The term “communicating” as used herein with respect to a wireless communication signal includes transmitting the wireless communication signal and/or receiving the wireless communication signal. For example, a wireless communication unit, which is capable of communicating a wireless communication signal, may include a wireless transmitter to transmit the wireless communication signal to at least one other wireless communication unit, and/or a wireless communication receiver to receive the wireless communication signal from at least one other wireless communication unit. The verb “communicating” may be used to refer to the action of transmitting or the action of receiving. In one example, the phrase “communicating a signal” may refer to the action of transmitting the signal by a first device, and may not necessarily include the action of receiving the signal by a second device. In another example, the phrase “communicating a signal” may refer to the action of receiving the signal by a first device, and may not necessarily include the action of transmitting the signal by a second device.

Some demonstrative embodiments are described herein with respect to a LTE network. However, other embodiments may be implemented in any other suitable cellular network or system, e.g., a Universal Mobile Telecommunications System (UMTS) cellular system, a GSM network, a 3G cellular network, a 4G cellular network, a 4.5G network, a 5G cellular network, a WiMax cellular network, and the like.

Some demonstrative embodiments are described herein with respect to a WLAN system. However, other embodiments may be implemented in any other suitable non-cellular network.

Some demonstrative embodiments are described herein with respect to an Access Point (AP). However, other embodiments may be implemented in any other WLAN access device, for example, an Access Controller (AC).

Some demonstrative embodiments may be used in conjunction with a Heterogeneous Network (HetNet), which may utilize a deployment of a mix of technologies, frequencies, cell sizes and/or network architectures, e.g., including cellular, mmWave, and/or the like. In one example, the HetNet may include a radio access network having layers of different-sized cells ranging from large macrocells to small cells, for example, picocells and femtocells.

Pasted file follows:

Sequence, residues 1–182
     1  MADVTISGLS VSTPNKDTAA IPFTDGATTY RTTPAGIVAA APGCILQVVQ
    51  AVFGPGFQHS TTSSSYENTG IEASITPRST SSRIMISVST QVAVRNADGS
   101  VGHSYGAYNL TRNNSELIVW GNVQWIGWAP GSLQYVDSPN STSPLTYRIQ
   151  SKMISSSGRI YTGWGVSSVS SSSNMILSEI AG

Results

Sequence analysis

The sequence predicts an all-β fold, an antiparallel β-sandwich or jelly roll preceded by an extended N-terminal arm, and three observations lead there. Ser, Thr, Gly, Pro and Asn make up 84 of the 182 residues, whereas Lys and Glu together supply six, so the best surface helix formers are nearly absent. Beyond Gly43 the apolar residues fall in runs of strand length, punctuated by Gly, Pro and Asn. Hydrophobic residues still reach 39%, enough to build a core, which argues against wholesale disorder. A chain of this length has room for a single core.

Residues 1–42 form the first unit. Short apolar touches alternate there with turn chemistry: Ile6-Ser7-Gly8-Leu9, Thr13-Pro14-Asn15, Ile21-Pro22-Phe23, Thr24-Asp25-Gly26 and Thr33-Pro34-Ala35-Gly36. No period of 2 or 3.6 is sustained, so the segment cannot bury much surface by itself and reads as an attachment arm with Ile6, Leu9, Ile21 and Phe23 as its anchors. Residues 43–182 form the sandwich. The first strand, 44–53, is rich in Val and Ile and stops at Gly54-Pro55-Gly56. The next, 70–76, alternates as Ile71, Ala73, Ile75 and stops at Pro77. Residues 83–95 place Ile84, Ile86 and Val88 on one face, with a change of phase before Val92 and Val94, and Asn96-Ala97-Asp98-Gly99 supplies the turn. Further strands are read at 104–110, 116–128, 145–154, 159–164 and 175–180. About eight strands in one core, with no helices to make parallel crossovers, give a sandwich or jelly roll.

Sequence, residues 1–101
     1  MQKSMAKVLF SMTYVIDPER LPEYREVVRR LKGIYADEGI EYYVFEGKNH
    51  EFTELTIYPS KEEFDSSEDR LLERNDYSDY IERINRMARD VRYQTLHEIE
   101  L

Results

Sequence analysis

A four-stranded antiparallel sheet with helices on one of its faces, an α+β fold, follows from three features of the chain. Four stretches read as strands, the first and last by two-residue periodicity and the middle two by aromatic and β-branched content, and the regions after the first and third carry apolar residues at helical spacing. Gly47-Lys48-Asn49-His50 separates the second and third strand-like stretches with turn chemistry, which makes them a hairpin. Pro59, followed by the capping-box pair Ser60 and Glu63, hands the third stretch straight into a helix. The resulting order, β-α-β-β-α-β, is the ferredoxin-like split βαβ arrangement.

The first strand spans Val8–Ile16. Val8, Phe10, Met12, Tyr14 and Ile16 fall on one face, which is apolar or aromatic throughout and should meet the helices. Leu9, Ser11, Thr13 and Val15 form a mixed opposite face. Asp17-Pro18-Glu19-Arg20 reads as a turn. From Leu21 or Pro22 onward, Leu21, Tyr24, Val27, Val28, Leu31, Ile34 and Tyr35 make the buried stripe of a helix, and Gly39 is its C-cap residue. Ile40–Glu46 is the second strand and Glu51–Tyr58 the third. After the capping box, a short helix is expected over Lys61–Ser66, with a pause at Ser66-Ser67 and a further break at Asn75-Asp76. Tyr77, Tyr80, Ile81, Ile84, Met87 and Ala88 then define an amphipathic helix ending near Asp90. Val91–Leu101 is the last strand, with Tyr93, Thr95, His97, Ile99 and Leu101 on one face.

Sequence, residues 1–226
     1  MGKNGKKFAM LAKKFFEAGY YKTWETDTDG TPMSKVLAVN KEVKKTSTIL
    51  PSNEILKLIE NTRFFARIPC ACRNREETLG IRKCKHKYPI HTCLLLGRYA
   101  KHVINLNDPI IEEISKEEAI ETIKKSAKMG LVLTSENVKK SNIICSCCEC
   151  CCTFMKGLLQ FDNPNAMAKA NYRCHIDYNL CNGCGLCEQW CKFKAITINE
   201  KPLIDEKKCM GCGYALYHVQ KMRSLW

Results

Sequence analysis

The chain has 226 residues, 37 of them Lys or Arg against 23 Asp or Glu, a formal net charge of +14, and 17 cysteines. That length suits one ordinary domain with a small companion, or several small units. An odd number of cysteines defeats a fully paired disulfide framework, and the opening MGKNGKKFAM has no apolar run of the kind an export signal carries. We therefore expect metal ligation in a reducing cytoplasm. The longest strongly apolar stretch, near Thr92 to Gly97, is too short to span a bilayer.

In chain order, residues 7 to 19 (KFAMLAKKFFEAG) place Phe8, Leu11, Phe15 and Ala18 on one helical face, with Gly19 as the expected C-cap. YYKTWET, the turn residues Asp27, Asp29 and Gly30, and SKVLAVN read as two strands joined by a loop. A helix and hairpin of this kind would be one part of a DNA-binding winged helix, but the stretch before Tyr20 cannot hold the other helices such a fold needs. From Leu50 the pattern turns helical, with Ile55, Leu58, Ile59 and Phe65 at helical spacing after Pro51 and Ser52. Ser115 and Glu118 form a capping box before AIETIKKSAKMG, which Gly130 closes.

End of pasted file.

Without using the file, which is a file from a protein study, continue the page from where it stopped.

Other embodiments may be used in conjunction with any other suitable wireless communication network.

The term “antenna”, as used herein, may include any suitable configuration, structure and/or arrangement of one or more antenna elements, components, units, assemblies and/or arrays. In some embodiments, the antenna may implement transmit and receive functionalities using separate transmit and receive antenna elements. In some embodiments, the antenna may implement transmit and receive functionalities using common and/or integrated transmit/receive elements. The antenna may include, for example, a phased array antenna, a single element antenna, a dipole antenna, a set of switched beam antennas, and/or the like.

The term “cell”, as used herein, may include a combination of network resources, for example, downlink and optionally uplink resources. The resources may be controlled and/or allocated, for example, by a cellular node (also referred to as a “base station”), or the like. The linking between a carrier frequency of the downlink resources and a carrier frequency of the uplink resources may be indicated in system information transmitted on the downlink resources.

The phrase “access point” (AP), as used herein, may include an entity that includes a station (STA) and provides access to distribution services, via the Wireless Medium (WM) for associated STAs.

The term “station” (STA), as used herein, may include any logical entity that is a singly addressable instance of a medium access control (MAC) and a physical layer (PHY) interface to the WM.

Reference is now made to FIG. 1, which schematically illustrates a block diagram of a system 100, in accordance with some demonstrative embodiments.